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VIDEO: The First Underwater Nuclear Test in U.S. History

PortandTerminal.com, August 18, 2020

WASHINGTON – In 1946 the United States Navy conducted its first underwater nuclear test, dubbing it “The Baker Test.” It took place just 11 months after nuclear bombs had been dropped on Hiroshima and Nagasaki, ending the Second World War in the Pacific.

The Baker Test’s goal was to see how a Naval fleet and humans would fare against a nuclear weapon. The United States and Russia were by then already in a nuclear arms race and it was strategically vital to understand how this new weapon would change naval warfare dynamics.

The plan was simple. Set off a nuclear bomb underwater up and see what happens to a fleet of empty ships and test animals left on board.

On July 25, 1946 the Navy detonated a 23-ton bomb 90 feet beneath a cluster of Navy ships loaded with test animals sitting in the Bikini Atoll, a part of the Marshall Islands in the central Pacific.

The results were much more catastrophic than they could have imagined.

After the bomb was detonated it was discovered that radioactivity levels on the boat were 20 times the lethal level. Ship cleanup crews were forced to turn back.

“Suffering as a whole among the animals was negligible”

Official Report of Operation Crossroads

The Navy had failed to account for the role the water molecules would play in this new type of trial. The bubble of hot gas created by the explosion sent two million tons of water, in a half-mile–wide column, more than 5,000 feet in the air. Radioactive mist rained down across the area’s lagoon, while ship hulls a mile away were drenched with a foamy wall of radioactive water.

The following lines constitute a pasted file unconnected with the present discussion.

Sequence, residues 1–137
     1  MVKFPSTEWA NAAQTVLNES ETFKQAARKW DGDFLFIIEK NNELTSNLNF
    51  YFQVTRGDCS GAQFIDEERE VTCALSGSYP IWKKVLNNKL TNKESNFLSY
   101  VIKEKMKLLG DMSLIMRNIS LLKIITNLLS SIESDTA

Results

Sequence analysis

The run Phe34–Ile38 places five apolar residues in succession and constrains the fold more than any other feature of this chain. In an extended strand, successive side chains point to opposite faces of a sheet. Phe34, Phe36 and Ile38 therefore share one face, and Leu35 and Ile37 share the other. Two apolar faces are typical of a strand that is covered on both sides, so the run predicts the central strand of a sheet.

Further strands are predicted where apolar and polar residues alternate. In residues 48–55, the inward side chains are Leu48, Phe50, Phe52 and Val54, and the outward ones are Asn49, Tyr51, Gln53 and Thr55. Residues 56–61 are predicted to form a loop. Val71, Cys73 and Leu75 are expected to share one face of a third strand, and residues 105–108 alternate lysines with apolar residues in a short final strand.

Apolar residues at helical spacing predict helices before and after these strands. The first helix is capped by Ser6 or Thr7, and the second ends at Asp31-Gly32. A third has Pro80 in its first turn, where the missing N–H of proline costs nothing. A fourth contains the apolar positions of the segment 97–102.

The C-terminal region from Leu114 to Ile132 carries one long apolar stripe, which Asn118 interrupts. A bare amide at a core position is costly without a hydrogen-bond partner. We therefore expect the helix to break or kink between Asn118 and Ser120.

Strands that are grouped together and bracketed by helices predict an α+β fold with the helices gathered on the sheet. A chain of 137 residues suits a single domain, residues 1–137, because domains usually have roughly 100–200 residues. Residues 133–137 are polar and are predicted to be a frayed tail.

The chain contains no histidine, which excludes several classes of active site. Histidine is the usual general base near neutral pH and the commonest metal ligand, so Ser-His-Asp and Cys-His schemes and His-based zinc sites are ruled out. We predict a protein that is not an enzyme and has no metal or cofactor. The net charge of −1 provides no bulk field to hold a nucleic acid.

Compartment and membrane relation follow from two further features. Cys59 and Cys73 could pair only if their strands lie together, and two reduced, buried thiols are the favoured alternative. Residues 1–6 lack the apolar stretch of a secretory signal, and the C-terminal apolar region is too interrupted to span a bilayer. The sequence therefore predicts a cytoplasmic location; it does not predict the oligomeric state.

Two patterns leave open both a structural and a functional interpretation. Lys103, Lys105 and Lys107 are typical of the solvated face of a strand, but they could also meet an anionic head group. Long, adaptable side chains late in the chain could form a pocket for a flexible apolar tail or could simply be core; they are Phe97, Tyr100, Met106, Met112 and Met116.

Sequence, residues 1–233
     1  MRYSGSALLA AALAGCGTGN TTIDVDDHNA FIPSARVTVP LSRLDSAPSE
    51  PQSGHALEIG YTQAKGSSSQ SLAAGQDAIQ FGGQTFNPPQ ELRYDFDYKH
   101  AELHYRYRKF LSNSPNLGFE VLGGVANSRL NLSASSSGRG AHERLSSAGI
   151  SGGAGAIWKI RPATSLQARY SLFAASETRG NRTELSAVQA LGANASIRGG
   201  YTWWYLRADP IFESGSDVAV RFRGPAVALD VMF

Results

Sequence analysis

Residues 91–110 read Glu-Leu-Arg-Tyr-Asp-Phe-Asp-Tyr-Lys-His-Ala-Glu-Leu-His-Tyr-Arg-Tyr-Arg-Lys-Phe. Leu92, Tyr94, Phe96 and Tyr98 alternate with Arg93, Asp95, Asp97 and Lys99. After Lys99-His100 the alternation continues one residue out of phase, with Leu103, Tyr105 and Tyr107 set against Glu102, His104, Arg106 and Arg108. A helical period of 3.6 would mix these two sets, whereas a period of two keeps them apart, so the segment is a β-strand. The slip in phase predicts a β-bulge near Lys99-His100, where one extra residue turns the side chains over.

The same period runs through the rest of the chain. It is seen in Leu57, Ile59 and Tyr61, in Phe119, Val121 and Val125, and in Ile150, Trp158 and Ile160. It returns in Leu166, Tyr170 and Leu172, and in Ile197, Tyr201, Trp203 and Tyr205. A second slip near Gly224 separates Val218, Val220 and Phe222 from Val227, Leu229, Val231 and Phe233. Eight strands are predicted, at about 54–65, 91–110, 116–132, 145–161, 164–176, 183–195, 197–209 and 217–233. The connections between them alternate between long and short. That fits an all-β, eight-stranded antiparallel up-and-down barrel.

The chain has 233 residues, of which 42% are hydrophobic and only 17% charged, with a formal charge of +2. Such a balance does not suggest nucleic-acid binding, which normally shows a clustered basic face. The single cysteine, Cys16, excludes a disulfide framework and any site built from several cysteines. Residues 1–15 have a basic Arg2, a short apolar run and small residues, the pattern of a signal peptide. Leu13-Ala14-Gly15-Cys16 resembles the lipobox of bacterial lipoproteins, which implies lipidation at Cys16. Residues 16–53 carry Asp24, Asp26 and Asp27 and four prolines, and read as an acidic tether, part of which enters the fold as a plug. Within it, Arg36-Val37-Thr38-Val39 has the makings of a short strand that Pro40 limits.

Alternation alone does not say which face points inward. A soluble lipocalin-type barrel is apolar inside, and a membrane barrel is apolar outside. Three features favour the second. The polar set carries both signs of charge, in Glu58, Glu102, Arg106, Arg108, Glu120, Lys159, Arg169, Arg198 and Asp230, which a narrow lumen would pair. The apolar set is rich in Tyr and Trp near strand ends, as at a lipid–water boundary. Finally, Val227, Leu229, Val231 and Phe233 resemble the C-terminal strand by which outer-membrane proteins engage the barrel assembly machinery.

Explosion. Water. Mushroom cloud. Ships.
PHOTO SOURCE: National Security Archive
Aerial view of the striking flash of light produced by the Baker explosion.
Aerial view of the striking flash of light produced by the Baker explosion. (NARA, Still Pictures Unit, Record Group 80-G, box 1724, folder 422320-422386)

“All of the pigs and most of the rats on the ships died either from the blast or from radiation exposure. Of the 57 target vessels, eight either sunk or capsized as a direct result of the explosion. Eight more suffered extensive damage. Most of the remaining ships were highly radioactive and remained so despite decontamination efforts, which consisted of scrubbing or spraying the decks.” Official Report of Operation Crossroads

One amphibious landing vessel was immediately pulverized by the blast, and over the next four days, The Arkansas (a battleship), The Saratoga (an aircraft carrier), Nagato (a Japanese battleship captured in WWII), and three submarines all sank, either from the damage sustained or water taken on during the blast.

Aerial view of blast cloud. PHOTO SOURCE: National Security Archive

In the year following the two tests, a group of scientists and technicians were sent to conduct a scientific resurvey in Bikini. They concluded that: “Clearly radioactivity had entered the food chain. Plankton glowed on photographic plates, as did the intestinal tracts of the fish that fed on them. 

Half a century later in 1997, the International Atomic Energy Agency reported that the Bikini Atoll was still uninhabitable.

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